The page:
Grab your shades, sunscreen and whistle. A nationwide shortage of lifeguards has water parks, camps and municipalities scrambling to hire thousands to staff swimming pools, lakes and beaches. Some are offering free training, which takes 25 to 40 hours. Other employers are raising hourly pay to $10 to $30.

“We have raised wages at all our parks… Both lifeguard training and licence are free to each new and returning team member,” said Nick Paradise, director of corporate communications for Palace Entertainment, which owns 10 water parks across the country. Hourly wages vary by location but are $15 at Sandcastle Water Park near Pittsburgh and $18 an hour at Splish Splash in Long Island, N.Y.

The shortage is largely because lifeguards have to renew their lifeguard certification every two years and thousands haven’t been able to do so.

“In many parts of the country, there were long periods when people could not train, and staff and potential staff did not feel safe to train due to physical distancing guidance,” said Lindsay Mondick who oversees aquatics and other initiatives for the YMCA of the U.S.A. “Now that the vaccine is more readily available to potential lifeguarding candidates, we may see a slow return.”

It takes more than superior swimming skills to get a job as a lifeguard, however. Here are the requirements to become a lifeguard, the courses you’ll need and what the current job market looks like.

Here’s What Some Lifeguard Jobs Are Paying

Lifeguarding 2021 is no longer a minimum wage job in most cities and towns.

Job postings show employers are willing to pay more than previous summers. Check out these wages:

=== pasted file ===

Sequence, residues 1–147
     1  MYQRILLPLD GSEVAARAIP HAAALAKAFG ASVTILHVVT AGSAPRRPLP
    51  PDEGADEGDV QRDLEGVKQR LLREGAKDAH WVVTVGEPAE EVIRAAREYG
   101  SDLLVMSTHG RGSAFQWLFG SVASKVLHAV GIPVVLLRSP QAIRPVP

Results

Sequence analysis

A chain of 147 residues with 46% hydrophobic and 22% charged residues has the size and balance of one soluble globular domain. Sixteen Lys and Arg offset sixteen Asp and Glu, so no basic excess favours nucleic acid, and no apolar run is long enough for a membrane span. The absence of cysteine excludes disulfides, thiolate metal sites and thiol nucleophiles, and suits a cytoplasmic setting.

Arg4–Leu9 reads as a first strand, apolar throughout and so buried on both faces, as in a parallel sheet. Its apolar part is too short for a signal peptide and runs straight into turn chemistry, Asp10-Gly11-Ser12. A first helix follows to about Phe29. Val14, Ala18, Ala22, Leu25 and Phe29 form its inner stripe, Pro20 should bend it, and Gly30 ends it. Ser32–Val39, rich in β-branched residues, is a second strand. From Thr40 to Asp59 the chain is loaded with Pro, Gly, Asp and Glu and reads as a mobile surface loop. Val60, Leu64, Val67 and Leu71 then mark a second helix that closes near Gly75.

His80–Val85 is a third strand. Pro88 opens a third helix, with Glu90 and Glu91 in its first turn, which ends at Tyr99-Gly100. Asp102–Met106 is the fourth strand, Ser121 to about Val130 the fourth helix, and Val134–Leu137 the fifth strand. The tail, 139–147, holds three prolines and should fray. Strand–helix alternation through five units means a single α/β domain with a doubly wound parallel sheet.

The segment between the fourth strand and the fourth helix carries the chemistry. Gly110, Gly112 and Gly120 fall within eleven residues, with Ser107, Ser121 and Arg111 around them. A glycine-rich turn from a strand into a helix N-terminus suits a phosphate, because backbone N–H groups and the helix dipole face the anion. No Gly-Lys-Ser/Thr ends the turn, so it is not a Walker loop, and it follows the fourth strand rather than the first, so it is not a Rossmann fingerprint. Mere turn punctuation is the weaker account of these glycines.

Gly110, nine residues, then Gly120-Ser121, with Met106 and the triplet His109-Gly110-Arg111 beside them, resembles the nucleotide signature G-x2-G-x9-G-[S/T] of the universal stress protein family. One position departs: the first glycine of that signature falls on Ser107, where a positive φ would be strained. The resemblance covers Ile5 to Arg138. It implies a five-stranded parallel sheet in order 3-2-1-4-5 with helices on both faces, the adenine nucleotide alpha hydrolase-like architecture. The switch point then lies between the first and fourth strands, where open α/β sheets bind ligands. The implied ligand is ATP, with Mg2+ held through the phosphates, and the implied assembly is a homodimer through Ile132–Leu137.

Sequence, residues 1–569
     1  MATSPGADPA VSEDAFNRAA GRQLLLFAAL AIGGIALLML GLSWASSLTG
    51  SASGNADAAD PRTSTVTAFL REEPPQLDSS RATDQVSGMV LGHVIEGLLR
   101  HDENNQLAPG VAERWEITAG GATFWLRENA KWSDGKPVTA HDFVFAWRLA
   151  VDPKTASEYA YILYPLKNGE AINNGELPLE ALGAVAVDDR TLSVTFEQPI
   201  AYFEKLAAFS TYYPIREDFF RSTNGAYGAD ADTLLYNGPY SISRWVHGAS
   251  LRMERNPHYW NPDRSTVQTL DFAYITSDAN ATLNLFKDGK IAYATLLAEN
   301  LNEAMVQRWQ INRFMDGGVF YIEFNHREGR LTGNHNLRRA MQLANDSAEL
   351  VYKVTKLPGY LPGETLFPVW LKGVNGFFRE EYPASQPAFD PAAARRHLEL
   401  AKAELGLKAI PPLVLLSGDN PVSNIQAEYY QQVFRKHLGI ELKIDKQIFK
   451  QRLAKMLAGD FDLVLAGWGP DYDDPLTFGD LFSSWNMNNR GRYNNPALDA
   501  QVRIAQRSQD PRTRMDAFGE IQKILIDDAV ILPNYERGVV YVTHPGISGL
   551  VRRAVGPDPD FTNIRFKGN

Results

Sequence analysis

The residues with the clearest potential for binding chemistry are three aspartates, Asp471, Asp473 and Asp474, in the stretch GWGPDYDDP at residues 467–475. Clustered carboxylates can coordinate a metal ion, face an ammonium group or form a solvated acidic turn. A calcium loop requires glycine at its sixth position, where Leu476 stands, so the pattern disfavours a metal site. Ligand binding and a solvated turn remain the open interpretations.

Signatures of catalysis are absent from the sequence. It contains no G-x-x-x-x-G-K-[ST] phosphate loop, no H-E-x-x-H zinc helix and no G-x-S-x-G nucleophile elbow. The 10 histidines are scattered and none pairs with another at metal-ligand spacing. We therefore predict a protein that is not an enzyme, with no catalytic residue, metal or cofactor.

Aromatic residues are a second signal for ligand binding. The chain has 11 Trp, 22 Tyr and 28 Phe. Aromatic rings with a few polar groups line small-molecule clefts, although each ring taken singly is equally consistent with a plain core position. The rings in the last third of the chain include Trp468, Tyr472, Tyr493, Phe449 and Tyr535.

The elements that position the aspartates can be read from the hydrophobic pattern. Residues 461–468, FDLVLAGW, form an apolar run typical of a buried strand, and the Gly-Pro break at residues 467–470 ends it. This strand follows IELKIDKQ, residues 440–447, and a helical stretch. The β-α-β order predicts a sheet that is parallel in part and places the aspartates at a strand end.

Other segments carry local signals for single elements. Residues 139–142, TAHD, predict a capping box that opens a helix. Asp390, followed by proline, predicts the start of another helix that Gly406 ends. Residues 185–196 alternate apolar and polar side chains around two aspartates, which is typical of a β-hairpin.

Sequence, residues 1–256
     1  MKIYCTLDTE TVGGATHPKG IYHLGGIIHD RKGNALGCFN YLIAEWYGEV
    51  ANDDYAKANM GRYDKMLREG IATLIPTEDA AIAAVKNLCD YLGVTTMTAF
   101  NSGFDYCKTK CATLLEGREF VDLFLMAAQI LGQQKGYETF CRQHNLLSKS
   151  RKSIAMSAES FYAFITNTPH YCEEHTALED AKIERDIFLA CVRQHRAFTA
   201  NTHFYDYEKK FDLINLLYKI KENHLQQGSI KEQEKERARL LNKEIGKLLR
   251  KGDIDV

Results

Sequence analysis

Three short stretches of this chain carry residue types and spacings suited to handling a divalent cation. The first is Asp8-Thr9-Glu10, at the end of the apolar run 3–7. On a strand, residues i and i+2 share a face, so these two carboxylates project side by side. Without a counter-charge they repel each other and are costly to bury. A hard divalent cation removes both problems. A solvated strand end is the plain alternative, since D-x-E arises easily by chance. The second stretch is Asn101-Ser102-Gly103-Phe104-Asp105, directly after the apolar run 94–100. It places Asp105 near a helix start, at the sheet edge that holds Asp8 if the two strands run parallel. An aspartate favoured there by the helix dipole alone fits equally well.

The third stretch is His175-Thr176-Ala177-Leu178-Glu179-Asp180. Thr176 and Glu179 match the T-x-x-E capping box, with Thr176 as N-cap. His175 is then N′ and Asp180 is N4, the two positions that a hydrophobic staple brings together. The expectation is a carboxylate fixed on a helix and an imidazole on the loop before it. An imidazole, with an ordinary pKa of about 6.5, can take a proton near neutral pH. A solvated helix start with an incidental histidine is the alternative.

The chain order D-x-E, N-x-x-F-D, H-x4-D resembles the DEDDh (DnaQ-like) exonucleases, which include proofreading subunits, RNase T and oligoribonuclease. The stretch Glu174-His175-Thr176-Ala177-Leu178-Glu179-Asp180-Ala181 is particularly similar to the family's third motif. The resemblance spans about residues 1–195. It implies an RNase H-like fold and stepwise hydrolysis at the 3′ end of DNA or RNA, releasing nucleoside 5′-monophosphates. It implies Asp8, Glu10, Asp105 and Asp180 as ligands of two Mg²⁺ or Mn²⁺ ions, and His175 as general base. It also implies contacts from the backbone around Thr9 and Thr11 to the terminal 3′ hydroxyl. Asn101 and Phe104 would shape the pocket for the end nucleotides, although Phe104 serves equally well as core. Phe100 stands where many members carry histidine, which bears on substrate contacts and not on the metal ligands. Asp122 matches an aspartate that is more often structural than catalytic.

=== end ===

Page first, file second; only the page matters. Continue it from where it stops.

Happyswimmers.com in San Francisco: $22 to $30 and hour

The city of Ft. Lauderdale, Fla.: $18.93 to $29.33 an hour for waterfront lifeguards

Hyannis Harbor Hotel in Hyannis, Mass.: $25 an hour

The city of Durham, N.C.: $18 an hour

Sandcastle Water Park near Pittsburgh: $15 an hour

The city of St. Petersburg, Fla.: $13.25 to $21

Hiring Incentives for Lifeguards

Just as restaurant chains are offering cash for interviews and referrals, so are employers looking for lifeguards.

“Some of our parks are offering referral bonuses,” Paradise said. “One incentive we have offered at nearly all our parks is to provide four complimentary Basic Season Passes for the team member and immediate family if they applied and completed the hiring process by a certain date.”

Orange City, Iowa is paying a $20 referral bonus for a lifeguard who gets a friend to join the team at public pools. And the Parks and Recreation Department in Mesquite, Texas will pay $50 for one referral, $75 for two and $100 for three.

Mondick at the YMCA stressed that lifeguarding builds skills such as confidence, leadership and teamwork, which transfer well to any career and look great on a resume. Along with touting the crucial role lifeguards play, YMCAs across the country are trying various incentives such as referral and sign-on bonuses.